The U.S. Court of Appeals for the Federal Circuit, finding that at least one of the infringement claims of a non-practicing patent owner was not baseless, reversed a ruling finding the entire case qualified as “exceptional” and overturned an attorneys’ fee award, pending an allocation between frivolous and non-frivolous claims. Highmark, Inc. v. Allcare Health Mgmt. Sys., Inc. Case No. 11-1219 (Fed. Cir., Aug. 7, 2012) (Dyk, J.) (Mayer, J., dissenting-in-part).

The patent in issue was directed to a method for managing health care systems including communications among and between doctors, patients, medical facilities and insurance providers—the objective being a way to determine whether a particular treatment should be approved for coverage.  After Highmark filed for a declaratory judgment that the patent in issue was invalid and not enforceable, Allcare responded with counterclaims of infringement.   Highmark prevailed on a summary judgment motion for non-infringement, which was affirmed on appeal.  Highmark then sought a ruling that the case was exceptional (arguing that Allcare’s claims were frivolous) and sought a ruling that Allcare be ordered to pay its attorneys’ fees and expenses. The district court agreed and awarded the declaratory judgment plaintiff almost $5 million in attorneys’ fees under § 285.  Allcare appealed.

On appeal, the Federal Circuit explained that under § 285, “sanctions may be imposed against the patentee only if two separate criteria are satisfied: (1) the litigation is brought in subjective bad faith, and (2) the litigation is objectively baseless.”  The “objectively baseless” requirement “does not depend on the state of mind of the party at the time the action was commenced, but rather requires an objective assessment of the merits.”  The Court continued, “[t]o be objectively baseless, the infringement allegations must be such that no reasonable litigant could reasonably expect success on the merits.”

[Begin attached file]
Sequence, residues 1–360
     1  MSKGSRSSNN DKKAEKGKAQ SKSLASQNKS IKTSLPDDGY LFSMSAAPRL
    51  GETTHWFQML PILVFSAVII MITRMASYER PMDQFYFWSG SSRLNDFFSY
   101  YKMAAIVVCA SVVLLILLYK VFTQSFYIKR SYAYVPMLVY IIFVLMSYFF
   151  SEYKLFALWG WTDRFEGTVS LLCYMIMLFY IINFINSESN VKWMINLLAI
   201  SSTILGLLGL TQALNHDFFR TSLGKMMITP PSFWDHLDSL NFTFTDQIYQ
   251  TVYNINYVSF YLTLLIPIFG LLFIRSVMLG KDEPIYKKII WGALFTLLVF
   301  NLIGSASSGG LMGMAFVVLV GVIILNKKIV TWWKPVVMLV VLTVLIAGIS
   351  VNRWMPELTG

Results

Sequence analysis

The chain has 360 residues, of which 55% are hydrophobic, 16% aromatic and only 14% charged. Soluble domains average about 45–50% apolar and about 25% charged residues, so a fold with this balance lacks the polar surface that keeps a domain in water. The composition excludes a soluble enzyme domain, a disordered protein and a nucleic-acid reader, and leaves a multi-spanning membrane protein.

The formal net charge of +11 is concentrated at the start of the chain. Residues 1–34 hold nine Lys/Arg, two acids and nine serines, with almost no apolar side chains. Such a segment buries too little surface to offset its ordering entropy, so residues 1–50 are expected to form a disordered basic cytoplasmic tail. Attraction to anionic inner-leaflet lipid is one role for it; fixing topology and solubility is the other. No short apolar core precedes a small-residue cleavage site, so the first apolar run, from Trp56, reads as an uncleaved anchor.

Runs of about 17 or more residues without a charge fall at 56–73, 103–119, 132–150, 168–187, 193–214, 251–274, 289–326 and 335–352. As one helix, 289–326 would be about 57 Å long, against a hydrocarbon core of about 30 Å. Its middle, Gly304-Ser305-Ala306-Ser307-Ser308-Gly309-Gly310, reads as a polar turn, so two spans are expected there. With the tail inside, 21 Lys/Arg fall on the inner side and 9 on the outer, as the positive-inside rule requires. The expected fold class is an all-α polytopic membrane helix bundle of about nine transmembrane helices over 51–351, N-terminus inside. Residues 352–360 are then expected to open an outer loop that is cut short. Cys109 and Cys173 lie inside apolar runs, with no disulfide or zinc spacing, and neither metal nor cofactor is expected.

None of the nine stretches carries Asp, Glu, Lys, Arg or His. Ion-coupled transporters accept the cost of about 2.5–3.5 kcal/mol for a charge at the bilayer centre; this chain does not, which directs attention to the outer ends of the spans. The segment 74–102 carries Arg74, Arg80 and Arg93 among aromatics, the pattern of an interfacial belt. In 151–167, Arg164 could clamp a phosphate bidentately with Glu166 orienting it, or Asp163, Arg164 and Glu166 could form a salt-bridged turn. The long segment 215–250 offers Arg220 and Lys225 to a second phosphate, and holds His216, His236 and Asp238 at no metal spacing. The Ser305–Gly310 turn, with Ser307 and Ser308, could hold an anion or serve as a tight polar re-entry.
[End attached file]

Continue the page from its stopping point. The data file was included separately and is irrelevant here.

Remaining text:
The Federal Circuit rejected the patentee’s assertion that the objective prong is assessed only at the time legal claims are first filed.  Rather, the Court explained that “the objective prong is a single backwards-looking inquiry into the reasonableness of the claims in light of the full record. […] Unlike the objective prong, which is a single retrospective look at the entire litigation, the subjective prong may suggest that a case initially brought in good faith may be continued in bad faith depending on developments during discovery and otherwise.”  Further, over the dissent, the majority noted that the “objective prong … is a question of law based on underlying mixed questions of law and fact and is subject to de novo review” and is a determination that must be made by the court rather than by the jury.  In contrast, the subjective prong must be established by clear and convincing evidence because “there is an assumption that an assertion of infringement of a duly granted patent is made in good faith.”